Cat Project Archives for May 14-18,
14, 2018: "Like a graceful vase, a cat, even when
motionless, seems to flow." - George F. Will
Gratuitous Kute Kittiness: Let's all play "Find the Kitty".
Cat Mewvie: How lions say "Hello".
Feline Art: Let's all play
"Find the Kitty".
is our cat peeing on the curtains?
by Ellen Whyte
Two weeks ago, Swooner peed on the living room curtains. Immediately
after, he tried to pee on the sofa. As we yelled at him, he shot out
of the house. We were barely settled after cleaning up, when he marched
back in, jumped on to my lap, and peed on me.
Yes, you read that right. I was the subject of a golden shower, kitty
When he peed on the curtains, I was really annoyed with him. When he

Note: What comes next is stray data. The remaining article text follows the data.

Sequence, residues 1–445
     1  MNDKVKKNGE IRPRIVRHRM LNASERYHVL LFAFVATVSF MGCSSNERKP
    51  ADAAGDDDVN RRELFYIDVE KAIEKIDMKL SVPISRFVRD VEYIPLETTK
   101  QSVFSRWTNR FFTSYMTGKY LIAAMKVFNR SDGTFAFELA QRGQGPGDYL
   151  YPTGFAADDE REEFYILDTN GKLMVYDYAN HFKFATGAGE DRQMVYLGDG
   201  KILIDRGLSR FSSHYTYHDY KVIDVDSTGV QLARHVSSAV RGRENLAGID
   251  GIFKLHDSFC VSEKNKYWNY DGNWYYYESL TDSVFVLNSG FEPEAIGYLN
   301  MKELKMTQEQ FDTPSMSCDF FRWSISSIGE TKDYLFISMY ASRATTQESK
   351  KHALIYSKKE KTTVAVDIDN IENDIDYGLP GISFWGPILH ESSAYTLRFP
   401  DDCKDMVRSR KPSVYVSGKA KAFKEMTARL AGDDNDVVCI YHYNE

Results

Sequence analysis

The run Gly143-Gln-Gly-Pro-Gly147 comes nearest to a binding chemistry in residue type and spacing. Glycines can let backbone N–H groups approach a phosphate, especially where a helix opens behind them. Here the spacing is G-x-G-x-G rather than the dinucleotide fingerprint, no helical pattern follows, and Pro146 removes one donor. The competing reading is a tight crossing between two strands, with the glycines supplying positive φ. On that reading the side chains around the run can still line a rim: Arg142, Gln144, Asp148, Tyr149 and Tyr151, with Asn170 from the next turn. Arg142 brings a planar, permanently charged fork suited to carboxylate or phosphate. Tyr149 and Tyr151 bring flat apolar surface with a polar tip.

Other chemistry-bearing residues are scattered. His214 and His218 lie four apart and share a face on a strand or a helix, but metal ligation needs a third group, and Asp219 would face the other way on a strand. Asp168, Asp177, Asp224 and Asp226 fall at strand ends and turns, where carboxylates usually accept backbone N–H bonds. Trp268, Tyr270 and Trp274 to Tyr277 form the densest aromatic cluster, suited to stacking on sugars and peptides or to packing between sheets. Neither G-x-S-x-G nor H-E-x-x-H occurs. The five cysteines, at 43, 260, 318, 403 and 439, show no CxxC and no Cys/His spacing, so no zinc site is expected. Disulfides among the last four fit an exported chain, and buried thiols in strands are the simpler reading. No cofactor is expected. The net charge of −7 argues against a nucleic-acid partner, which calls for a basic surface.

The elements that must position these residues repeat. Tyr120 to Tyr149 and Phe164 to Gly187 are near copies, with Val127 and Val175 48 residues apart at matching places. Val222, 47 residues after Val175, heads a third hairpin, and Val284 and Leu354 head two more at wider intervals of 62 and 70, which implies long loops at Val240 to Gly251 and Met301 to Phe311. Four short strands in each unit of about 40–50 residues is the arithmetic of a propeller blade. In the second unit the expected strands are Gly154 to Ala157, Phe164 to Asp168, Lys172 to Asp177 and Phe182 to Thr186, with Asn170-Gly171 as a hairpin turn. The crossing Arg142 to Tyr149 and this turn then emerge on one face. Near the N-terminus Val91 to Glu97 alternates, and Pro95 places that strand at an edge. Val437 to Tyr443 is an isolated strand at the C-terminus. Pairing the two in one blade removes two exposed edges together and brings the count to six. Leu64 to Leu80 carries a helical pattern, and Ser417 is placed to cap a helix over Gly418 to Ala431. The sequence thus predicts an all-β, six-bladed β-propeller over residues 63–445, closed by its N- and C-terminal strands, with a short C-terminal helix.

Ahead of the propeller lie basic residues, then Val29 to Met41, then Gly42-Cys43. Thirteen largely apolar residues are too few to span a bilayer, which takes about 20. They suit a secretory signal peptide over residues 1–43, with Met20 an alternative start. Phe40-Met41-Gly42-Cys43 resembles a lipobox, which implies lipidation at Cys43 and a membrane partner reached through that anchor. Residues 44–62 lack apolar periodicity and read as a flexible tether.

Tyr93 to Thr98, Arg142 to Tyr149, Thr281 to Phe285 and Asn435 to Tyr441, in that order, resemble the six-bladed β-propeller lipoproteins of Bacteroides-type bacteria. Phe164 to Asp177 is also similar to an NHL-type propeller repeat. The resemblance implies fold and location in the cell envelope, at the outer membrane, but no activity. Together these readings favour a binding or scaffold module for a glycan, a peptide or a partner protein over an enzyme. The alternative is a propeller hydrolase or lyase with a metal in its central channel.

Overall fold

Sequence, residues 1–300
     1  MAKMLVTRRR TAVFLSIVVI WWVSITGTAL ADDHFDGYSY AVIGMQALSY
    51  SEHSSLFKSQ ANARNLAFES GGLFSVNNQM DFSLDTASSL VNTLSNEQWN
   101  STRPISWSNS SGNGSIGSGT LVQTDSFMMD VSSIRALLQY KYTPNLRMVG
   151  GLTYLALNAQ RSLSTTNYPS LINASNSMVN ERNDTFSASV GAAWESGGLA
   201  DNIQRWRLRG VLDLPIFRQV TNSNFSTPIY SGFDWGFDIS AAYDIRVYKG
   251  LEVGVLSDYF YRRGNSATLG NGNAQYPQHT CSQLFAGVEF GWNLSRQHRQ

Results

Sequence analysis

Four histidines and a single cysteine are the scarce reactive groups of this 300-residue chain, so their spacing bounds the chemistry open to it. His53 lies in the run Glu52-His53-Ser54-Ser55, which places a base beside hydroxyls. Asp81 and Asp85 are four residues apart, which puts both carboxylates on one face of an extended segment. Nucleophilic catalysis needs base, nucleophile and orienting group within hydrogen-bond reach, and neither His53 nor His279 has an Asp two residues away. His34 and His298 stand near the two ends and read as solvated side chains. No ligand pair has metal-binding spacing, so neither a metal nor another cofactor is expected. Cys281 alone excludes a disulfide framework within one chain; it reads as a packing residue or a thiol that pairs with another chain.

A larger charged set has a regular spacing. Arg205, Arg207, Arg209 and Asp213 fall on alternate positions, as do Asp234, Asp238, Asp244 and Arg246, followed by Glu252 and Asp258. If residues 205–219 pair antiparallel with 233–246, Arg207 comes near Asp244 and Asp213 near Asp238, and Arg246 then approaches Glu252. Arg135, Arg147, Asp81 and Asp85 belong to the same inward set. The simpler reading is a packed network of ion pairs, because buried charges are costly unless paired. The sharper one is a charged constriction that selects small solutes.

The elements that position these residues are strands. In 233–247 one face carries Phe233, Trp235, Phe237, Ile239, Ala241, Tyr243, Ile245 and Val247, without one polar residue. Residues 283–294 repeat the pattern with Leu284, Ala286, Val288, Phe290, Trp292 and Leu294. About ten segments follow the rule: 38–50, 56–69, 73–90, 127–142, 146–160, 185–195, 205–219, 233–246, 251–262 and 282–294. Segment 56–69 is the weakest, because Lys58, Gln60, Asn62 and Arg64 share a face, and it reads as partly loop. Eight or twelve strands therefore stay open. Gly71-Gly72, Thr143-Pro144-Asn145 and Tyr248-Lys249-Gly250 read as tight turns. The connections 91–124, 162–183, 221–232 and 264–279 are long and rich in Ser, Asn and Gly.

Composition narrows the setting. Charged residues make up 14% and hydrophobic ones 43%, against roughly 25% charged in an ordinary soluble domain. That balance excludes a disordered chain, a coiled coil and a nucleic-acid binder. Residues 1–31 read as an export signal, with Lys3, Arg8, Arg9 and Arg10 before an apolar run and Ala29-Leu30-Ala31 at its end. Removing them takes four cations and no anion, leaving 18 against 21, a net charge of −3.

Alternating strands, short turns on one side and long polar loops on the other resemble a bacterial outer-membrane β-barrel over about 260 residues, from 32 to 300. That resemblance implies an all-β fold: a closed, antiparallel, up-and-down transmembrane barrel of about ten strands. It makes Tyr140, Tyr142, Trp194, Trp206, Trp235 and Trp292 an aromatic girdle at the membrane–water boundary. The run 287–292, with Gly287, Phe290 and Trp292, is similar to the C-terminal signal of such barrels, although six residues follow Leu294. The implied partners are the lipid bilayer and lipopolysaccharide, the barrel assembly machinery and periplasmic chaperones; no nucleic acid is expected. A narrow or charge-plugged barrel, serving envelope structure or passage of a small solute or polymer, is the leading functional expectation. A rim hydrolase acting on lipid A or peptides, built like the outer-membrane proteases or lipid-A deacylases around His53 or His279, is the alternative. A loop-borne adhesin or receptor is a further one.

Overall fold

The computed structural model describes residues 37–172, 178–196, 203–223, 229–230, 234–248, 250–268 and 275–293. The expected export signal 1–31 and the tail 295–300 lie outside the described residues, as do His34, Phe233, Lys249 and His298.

hit the sofa, I was bewildered, and by the time I got the treatment,
I was seriously worried.
There are several mundane reasons that lead cats to pee outside the litter
box, so my first move was to check his box; it was clean. Also, it’s
up in the little bathroom that he’s claimed exclusively. Target
and Guido don’t go there. So this was not sparked by a dirty litter
I considered it might be a urinary tract infection but, frankly, I didn’t
think that was the issue. When Swooner was peeing, he didn’t seem
to be in any physical discomfort.
It can be tricky to gauge cat emotions accurately, but I know my kitten
very well and I could have sworn there was a look of determination on
his face. But what was he trying to say?
Some cats pee on things they own, and this can include their humans.
We thought it might be that, but in the light of him trying the furniture
first, it didn’t seem very likely.
Our next thought was that Swooner was reacting to Tom, my husband, breaking
a leg and an arm. Cats have a rep for being cool and calm in the case